International students have been locked out of China for the past two years and there has still not been any updates over the China border opening. Beijing, however, has reportedly made assurances over the return of students from Singapore, Malaysia and Pakistan without committing to a timeline.
On Tuesday, China said that it was considering a “coordinated” arrangement for the return of foreign students. This includes over 23,000 Indians who have been stuck at home since the beginning of the pandemic in 2020, said reports.
When asked at a media briefing on Tuesday when China will permit stranded Indian students and what is hindering Beijing from allowing them, Foreign Ministry spokesman Zhao Lijian reportedly said: “I can tell you that the Chinese government attaches great importance to the issue of foreign students returning to China for their studies.
“We are considering in a coordinated manner the arrangement for allowing foreign students to return to China for their studies. We stand ready to work actively toward the healthy, safe and orderly cross-border flow of people on the basis of sound anti-epidemic protocols.”
Zhao did not specify a clear timeline regarding when Indian students can return.
— Sumit vashisth 🇮🇳 ❤🕉️ (@Sumitvashisth78) February 5, 2022
On Sunday, a joint statement by China and Pakistan stated that China will arrange for Pakistani students’ return, but did not give a definite timeline.
This comes after Pakistani Prime Minister Imran Khan concluded a four-day visit to the country, where reports said he met with top Chinese leadership from political and business areas and attended the opening ceremony of the Beijing Winter Olympics.
“Both sides noted with satisfaction robust cooperation between Pakistan and China in the education (sic) sector, and committed to further enhance cooperation between the educational institutions of the two countries,” read the statement.
“Pakistan side highlighted that China has become a popular education destination. While ensuring safety against COVID-19, China will arrange for Pakistani students to return to China and resume classes in a prudent manner.”
Students from India — and indeed, from all over the world — have reported a deterioration in their mental health due to the prolonged border closure. Many have been struggling with their online studies, with some choosing to pause their studies amidst the uncertainty.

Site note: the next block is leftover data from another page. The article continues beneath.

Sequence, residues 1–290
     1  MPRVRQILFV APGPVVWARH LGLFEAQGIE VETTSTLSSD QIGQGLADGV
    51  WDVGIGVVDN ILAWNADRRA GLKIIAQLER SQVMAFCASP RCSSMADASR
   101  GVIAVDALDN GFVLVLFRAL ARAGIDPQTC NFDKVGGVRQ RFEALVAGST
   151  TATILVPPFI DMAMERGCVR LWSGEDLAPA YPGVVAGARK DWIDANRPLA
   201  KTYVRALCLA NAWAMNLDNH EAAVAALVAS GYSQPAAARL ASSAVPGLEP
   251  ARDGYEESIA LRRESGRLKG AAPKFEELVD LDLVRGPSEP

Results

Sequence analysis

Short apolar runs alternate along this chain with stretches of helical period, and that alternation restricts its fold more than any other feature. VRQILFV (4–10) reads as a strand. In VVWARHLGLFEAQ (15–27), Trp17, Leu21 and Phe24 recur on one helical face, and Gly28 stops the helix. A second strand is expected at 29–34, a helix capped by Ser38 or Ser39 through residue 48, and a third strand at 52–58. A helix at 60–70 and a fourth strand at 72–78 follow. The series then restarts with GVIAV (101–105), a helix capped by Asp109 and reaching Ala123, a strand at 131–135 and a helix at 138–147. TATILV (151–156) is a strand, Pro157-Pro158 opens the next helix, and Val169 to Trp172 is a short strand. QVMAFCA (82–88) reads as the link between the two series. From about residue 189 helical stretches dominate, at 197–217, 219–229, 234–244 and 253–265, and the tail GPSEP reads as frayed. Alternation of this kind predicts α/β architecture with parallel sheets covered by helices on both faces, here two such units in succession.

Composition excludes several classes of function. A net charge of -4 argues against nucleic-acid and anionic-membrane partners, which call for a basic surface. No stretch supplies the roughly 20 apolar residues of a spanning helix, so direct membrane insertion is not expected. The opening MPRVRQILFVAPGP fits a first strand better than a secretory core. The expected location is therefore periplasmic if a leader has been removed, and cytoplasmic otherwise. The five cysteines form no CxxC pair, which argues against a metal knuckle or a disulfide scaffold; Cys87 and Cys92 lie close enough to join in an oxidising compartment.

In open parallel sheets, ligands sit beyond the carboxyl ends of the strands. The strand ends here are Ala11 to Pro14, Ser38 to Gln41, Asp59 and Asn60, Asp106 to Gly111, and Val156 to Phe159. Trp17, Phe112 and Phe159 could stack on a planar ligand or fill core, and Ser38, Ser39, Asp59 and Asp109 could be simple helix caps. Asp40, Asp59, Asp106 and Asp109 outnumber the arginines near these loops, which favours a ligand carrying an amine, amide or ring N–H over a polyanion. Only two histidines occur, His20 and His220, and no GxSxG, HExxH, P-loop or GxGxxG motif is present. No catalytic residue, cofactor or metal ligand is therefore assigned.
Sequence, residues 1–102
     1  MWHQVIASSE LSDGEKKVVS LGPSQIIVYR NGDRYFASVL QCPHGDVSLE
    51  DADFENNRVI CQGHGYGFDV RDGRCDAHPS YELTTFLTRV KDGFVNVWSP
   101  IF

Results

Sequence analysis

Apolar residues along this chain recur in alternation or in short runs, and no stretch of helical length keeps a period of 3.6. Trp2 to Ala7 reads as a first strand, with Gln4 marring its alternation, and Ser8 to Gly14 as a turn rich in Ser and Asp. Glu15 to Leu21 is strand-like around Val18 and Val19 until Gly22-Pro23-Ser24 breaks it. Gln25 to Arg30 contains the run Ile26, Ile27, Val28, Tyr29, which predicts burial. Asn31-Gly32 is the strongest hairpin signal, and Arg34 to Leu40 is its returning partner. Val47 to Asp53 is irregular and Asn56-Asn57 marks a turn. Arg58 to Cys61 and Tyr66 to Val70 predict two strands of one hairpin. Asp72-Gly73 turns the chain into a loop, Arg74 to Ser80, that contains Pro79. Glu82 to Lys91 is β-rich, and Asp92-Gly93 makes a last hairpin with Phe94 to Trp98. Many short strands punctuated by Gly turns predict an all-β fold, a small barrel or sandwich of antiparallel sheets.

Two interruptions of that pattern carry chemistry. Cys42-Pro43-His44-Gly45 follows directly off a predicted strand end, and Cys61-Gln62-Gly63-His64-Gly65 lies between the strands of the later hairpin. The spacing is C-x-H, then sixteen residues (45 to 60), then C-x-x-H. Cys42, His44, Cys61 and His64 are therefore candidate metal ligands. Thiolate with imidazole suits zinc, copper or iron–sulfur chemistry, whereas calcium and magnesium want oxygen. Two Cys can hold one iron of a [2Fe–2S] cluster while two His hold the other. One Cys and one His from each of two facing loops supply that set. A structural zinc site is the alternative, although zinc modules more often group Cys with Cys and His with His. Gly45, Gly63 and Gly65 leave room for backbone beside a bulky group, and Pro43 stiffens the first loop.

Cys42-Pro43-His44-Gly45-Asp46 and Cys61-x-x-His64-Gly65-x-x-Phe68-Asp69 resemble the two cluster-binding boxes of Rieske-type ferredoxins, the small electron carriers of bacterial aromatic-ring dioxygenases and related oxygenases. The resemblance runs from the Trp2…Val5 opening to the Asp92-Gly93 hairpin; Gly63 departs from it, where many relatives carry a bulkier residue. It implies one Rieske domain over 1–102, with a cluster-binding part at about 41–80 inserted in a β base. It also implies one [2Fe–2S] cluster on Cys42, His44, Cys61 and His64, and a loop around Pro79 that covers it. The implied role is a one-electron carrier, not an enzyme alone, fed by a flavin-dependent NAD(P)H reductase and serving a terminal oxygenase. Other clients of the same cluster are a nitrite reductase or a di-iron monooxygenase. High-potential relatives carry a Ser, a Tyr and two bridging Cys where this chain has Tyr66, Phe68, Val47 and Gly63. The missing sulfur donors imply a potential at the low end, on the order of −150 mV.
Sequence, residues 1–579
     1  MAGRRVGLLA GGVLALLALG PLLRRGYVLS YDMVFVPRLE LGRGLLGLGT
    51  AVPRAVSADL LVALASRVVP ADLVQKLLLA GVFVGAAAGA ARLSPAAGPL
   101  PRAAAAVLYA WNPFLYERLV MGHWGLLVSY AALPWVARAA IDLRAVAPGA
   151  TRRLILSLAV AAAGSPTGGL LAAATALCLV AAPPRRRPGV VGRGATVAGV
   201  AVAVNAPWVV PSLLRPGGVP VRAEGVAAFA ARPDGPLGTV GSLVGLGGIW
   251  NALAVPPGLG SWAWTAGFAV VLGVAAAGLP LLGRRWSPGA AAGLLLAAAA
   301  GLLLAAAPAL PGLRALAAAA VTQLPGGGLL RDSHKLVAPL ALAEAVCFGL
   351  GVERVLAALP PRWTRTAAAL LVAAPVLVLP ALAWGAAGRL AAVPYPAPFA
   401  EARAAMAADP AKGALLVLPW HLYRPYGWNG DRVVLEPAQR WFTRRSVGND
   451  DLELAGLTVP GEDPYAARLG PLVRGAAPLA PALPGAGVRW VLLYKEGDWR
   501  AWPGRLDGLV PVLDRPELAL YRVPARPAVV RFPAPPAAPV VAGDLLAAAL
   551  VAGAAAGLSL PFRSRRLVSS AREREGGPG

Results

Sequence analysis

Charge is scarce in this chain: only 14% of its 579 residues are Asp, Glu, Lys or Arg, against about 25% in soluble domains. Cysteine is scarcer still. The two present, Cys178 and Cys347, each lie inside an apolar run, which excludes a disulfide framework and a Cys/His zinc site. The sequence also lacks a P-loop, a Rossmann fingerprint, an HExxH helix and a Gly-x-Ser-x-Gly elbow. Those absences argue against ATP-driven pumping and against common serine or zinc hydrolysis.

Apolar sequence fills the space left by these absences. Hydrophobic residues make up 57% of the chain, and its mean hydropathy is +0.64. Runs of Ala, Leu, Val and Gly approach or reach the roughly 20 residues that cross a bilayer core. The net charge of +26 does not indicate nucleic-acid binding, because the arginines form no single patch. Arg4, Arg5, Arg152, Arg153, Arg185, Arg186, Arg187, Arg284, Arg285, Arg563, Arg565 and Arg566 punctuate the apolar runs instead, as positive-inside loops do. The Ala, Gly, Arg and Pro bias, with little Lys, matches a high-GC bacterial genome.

Date on China border opening still not confirmed
Over the course of the pandemic, Indian students have been vocal about their frustration with China over its strict border policy and the country’s lack of communication about when they will be able to return. Many flew home for the winter holidays and were unexpectedly stranded there since.
“We’re just asking for a date for our return,” shared one student in a tweet. “Two years passed on yet we have no clue about our return. COVID won’t be eradicated anytime soon, so what’s the use of vaccines if these restrictions aren’t removed?”
Students have written to Indian Prime Minister Narendra Modi, requesting government intervention on the matter.
“We are 25,000 Indian students studying in Chinese universities who have been forced to participate in online classes for the past 17 months because of travel and visa restrictions. Our medical study requires a lot of practical and group work, but our entry to China and our respective universities have been banned for the past year-and-a-half and we are suffering every day,” read the letter, as reported by The Hindustan Times.
— Venkayya Dora (@venkayya_dora) February 9, 2022
Others are beginning to lose faith in the Chinese government.
Speaking to Study International, a medical student who only wanted to be identified as Meera said: “The fact that they have still kept that student visa ban breaks our hearts.
“It gives an impression that China does not have our best interests in mind. We find ourselves having to defend China to other people because of all the rumours going around, which are sometimes senseless. The fact that we are defending China but China is not doing anything to lift up that student visa ban — it’s heartbreaking.”
The plight of Indian medical students
Indian medical students in particular have expressed worry that their future as doctors are in jeopardy. Last year, an MBBS student at Xi’an Jiaotong University told The Indian Express that while he still attends online classes, he was “completely missing out on practicals” and has not done an anatomy dissection despite being in his second year.
Others have expressed how virtual learning, including using online academic resources, is no substitute for in-person classes.
“Some students left their laptops in China and now they have to study online with their phones,” added Meera. “Or they have to buy a new laptop. This can be extremely difficult for students coming from a poorer financial background.”